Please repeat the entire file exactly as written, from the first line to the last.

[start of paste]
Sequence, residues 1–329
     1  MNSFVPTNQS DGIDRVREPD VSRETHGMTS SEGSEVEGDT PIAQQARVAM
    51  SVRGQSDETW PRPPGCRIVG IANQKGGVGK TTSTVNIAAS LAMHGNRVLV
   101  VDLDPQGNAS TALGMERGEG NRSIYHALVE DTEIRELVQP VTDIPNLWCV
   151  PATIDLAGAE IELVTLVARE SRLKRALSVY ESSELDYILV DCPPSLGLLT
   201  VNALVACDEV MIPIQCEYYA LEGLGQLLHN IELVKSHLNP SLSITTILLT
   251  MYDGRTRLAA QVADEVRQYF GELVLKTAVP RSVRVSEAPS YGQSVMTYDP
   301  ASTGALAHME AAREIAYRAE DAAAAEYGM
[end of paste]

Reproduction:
Sequence, residues 1–329
     1  MNSFVPTNQS DGIDRVREPD VSRETHGMTS SEGSEVEGDT PIAQQARVAM
    51  SVRGQSDETW PRPPGCRIVG IANQKGGVGK TTSTVNIAAS LAMHGNRVLV
   101  VDLDPQGNAS TALGMERGEG NRSIYHALVE DTEIRELVQP VTDIPNLWCV
   151  PATIDLAGAE IELVTLVARE SRLKRALSVY ESSELDYILV DCPPSLGLLT
   201  VNALVACDEV MIPIQCEYYA LEGLGQLLHN IELVKSHLNP SLSITTILLT
   251  MYDGRTRLAA QVADEVRQYF GELVLKTAVP RSVRVSEAPS YGQSVMTYDP
   301  ASTGALAHME AAREIAYRAE DAAAAEYGM